In relation to the teaching of religion in schools, under the Constitution and in accordance with Section 30 of the Education Act 1998, parents have a right to have their children opt out of religion classes if they so wish.
The manner in which any school ensures that the right to opt out of religion classes is upheld is a matter for the school concerned.
Each individual school must determine the particular arrangements which are most appropriate in its individual circumstances having regard to local issues such as available space, supervision requirements and how the school concerned organises classes etc.
My view is that schools should consult parents and students about such matters as religious education and worship and assess demand rather than continue to assume that all students should participate. Schools need to prepare for situations where a majority of students may wish to withdraw and where religious instruction and worship may be required only by a minority.
The Education (Admission to Schools) Bill 2016, which passed second stage on the 17th November 2016, also includes a specific requirement that school enrolment policies must include details of the school's arrangements for any students who do not wish to attend religious instruction.
I believe this is an important measure which will help ensure transparency from the outset as to how a school will uphold the rights of parents in this regard.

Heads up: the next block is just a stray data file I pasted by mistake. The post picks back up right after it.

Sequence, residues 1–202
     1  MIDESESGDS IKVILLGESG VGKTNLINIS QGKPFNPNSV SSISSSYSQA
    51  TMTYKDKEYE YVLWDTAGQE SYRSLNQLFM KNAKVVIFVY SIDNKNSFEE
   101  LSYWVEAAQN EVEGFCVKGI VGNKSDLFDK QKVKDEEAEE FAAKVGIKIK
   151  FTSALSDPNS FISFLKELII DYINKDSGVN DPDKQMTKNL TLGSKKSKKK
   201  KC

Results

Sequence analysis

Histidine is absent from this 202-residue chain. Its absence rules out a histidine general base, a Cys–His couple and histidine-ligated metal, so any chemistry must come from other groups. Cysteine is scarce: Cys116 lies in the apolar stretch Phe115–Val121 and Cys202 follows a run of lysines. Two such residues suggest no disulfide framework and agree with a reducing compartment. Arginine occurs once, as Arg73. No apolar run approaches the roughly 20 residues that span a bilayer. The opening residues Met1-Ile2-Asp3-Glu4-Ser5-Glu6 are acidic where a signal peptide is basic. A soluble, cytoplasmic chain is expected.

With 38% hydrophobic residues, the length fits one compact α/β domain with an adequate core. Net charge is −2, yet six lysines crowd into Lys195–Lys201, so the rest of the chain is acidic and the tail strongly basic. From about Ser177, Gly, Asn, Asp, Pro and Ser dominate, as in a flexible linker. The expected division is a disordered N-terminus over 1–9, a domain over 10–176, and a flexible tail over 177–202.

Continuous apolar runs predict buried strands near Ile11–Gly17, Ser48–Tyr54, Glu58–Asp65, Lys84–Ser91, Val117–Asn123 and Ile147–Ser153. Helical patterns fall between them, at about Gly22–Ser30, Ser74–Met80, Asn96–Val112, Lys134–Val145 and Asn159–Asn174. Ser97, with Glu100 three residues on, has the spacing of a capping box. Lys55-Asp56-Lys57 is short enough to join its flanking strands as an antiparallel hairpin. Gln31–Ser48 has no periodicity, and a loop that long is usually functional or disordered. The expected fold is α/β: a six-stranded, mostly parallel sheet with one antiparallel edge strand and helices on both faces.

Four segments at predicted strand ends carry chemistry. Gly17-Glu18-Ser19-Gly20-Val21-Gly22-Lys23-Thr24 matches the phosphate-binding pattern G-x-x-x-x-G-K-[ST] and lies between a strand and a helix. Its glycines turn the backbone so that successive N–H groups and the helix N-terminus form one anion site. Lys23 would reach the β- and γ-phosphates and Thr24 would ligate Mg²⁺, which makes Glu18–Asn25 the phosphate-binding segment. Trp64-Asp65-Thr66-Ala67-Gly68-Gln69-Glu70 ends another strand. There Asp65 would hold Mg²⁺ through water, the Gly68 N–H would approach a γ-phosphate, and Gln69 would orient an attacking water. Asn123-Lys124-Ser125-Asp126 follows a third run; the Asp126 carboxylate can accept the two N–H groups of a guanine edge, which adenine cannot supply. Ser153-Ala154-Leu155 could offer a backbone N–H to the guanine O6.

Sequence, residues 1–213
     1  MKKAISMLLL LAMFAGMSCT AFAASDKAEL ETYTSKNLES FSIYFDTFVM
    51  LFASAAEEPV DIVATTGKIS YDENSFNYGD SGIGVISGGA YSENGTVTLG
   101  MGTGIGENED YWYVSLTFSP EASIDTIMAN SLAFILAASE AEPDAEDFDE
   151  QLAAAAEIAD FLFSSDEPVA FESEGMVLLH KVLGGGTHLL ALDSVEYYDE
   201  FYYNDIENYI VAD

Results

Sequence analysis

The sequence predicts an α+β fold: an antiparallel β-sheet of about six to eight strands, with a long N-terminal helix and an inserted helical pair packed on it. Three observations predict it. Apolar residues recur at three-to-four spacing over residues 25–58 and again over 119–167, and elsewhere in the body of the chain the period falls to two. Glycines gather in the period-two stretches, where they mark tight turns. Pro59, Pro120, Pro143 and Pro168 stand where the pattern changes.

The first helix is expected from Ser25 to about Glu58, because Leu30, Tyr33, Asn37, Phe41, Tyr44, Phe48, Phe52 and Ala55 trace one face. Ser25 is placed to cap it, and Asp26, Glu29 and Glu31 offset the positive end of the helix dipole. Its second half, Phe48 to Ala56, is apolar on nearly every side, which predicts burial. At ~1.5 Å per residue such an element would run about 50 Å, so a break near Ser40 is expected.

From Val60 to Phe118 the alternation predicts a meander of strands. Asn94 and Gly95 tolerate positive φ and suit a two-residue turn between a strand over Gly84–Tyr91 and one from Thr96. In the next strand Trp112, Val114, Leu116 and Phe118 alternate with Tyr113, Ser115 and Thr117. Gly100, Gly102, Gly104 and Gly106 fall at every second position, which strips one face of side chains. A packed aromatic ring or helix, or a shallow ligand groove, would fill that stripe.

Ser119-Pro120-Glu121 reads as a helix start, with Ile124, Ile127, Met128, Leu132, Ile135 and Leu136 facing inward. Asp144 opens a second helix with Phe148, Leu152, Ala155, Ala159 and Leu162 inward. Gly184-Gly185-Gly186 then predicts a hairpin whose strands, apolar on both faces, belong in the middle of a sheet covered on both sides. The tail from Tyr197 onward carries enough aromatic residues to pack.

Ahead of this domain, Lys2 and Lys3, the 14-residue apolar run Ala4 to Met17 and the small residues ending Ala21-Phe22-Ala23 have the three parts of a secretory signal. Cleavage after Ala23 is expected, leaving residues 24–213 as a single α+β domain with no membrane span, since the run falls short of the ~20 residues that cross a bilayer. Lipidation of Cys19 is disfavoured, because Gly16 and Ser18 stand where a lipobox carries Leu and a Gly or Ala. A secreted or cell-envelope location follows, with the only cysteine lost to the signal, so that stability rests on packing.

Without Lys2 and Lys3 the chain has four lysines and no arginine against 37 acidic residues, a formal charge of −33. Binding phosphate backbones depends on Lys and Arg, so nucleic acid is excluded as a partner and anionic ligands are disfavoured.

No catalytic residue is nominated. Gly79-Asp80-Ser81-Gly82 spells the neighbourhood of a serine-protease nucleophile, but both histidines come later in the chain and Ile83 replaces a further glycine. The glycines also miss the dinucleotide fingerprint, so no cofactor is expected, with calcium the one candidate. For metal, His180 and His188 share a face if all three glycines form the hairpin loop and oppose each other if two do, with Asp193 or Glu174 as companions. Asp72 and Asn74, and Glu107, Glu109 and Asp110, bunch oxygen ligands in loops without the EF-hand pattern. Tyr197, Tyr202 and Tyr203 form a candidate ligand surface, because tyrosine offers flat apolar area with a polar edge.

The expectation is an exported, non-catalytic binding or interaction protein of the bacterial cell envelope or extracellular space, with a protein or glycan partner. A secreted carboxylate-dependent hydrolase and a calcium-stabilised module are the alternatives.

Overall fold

On 5 December 2016, I published the General Scheme of an Education (Parent and Student Charter) Bill 2016. The Government have approved the draft outline of a new law, which will require every school to consult with parents and students, and publish and operate a Parent and Student Charter.
The Parents and Students Charter Bill essentially deals with how schools communicate with parents and will provide a greater opportunity for dealing with such issues.
The publication of this draft legislation will fulfil a key commitment in the Action Plan for Education to improve information and complaint procedures for parents and students relating to schools.
The draft legislation defines the principles that will guide how schools will engage with students and parents. Some of the issues which schools will be required to deal with under the charter include:
- Inviting feedback from students and parents and
- Providing better information about School Management and School Policies.
Following consultation with our education partners, including the National Parents Council (Primary), National Parents Council (Post Primary) and the Irish Second-level Students Union, I will finalise national guidelines on a Parent and Student Charter.
The draft Bill will now go to the Oireachtas Committee on Education and Skills for pre-legislative scrutiny.